U.S. cases top 2 million

Here are the latest coronavirus updates from around the world.
Indonesians spend time at a shopping mall that applies social and physical distancing with a plastic divider and lane direction amid the coronavirus pandemic in Surabaya on June 10, 2020.Juni Kriswanto / AFP - Getty Images

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As states have reopened businesses and life in the U.S. is starting to regain a sense of normalcy, a leading health expert is warning "we are still in a pandemic" and confirmed cases of coronavirus in the U.S. topped 2 million on Wednesday.

Many people remain vulnerable to the disease, and the pandemic will continue as long as there's a readily transmissible virus and a population with little or no immunity to it, said Dr. Jay Butler, head of the COVID-19 response at the Centers for Disease Control and Prevention.

The news comes as the U.S. is now officially in a recession, bringing an end to a historic 128 months of economic growth.

Here's what you need to know about the coronavirus, plus a timeline of the most critical moments:

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This live coverage has now ended. Continue reading June 11 coronavirus news here.

COVID-19 crisis triggered most severe recession in nearly a century, report says

The virus crisis has triggered the most severe recession in nearly a century, and is causing enormous damage to people’s health, jobs and well-being, an international economic report warned Wednesday.

The latest analysis of global economic data by the Organization for Economic Cooperation and Development (OECD) reveals two equally probable scenarios – one in which a second wave of infections, with renewed lockdowns, hits before the end of 2020, and one in which another major outbreak is avoided.

In the best-case scenario, if there is no second wave of infections, the agency forecast a global drop in economic output of 6 percent this year.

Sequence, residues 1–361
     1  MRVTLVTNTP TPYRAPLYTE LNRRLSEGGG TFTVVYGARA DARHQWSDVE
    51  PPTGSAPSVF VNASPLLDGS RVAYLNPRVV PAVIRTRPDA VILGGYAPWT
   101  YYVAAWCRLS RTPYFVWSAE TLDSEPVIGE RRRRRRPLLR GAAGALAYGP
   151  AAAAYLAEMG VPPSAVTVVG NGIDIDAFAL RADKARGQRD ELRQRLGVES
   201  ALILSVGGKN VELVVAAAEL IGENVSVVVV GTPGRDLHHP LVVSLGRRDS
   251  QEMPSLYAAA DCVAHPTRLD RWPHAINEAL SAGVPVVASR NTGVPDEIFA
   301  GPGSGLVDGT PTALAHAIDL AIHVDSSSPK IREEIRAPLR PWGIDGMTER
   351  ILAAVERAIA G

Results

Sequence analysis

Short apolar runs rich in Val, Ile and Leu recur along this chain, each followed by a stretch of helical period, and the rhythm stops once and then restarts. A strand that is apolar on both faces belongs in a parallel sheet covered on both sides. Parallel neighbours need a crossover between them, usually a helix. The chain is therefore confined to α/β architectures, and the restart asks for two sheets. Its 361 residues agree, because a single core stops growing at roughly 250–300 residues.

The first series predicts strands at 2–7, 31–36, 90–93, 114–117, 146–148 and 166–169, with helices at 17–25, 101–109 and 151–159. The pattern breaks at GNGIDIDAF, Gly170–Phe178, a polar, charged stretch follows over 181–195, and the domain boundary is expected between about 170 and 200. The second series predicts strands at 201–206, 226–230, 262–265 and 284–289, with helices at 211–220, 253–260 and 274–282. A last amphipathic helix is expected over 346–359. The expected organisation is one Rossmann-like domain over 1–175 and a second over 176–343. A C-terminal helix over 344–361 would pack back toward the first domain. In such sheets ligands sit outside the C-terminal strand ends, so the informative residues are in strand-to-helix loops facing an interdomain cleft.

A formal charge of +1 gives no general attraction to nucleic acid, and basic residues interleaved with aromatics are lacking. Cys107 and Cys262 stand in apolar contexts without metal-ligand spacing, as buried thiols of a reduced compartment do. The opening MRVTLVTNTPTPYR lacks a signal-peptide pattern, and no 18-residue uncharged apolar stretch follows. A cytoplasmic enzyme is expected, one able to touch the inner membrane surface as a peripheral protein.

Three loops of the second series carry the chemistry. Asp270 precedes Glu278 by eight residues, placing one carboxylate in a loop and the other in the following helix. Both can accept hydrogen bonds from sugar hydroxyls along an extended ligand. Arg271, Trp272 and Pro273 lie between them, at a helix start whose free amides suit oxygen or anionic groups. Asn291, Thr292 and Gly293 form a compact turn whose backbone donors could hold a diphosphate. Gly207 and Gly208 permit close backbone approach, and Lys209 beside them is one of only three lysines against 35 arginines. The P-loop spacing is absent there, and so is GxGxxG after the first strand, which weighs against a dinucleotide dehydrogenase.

If the coronavirus re-emerges later in the year, however, the global economy could shrink 7.6 percent, before climbing back 2.8 percent in 2021, the OECD said.

Germany extends corona travel warning for non-European states

Germany will extend its travel warning for non-European countries until the end of August but lift border controls to all its neighbours by mid-June, ministers said on Wednesday.

As the coronavirus crisis in many European countries eases somewhat, Foreign Minister Heiko Maas said Germany does not yet have systems with the rest of the world to assess and coordinate travel without entailing potentially incalculable risks.

“We cannot and will not risk Germans being stranded all over the world again this summer or holidaymakers returning to Germany with the virus undetected,” said Maas in a statement.

Aware that many holidaymakers want to travel to destinations including Turkey, the United States, northern African and south-eastern Asia, Maas said the government would keep looking at the travel warning before September. Germany had already announced it would lift a blanket travel ban for EU members, Britain, Iceland, Norway, Liechtenstein and Switzerland from June 15. 

U.S. consulate in Wuhan set to reopen later in June

The U.S. is set to reopen its consulate in Wuhan, China, later this month, according to a congressional notification letter obtained by NBC News.

Wuhan was the first city to identify cases of the coronavirus, late in 2019, and the U.S. shut down the consulate in January, evacuating all State Department personnel.

The State Department informed Congress on Friday that conditions were now appropriate to resume operations in Wuhan "on or around" June 22, but the agency "stands ready to modify this schedule as conditions develop."

Relations between the U.S. and China have deteriorated during the pandemic, with a war of words about the handling of the early stages of the outbreak by China and the World Health Organization. 

"At this critical juncture in U.S.-China relations, it is critical that our diplomatic posts in China are staffed," said the letter from Assistant Secretary of State for Legislative Affairs, Mary Elizabeth Taylor.

French gallery hands out hats that help keep social distance

Artists from "59 Rue de Rivoli" gallery in Paris pose on Tuesday with hats created to keep the social distance required to fight against the spread of COVID-19.Francois Guillot / AFP - Getty Images

Brazil restores detailed COVID-19 data after court ruling

Brazil on Tuesday restored detailed COVID-19 data to its official national website following controversy over the removal of cumulative totals and a ruling by a Supreme Court justice that the full set of information be reinstated.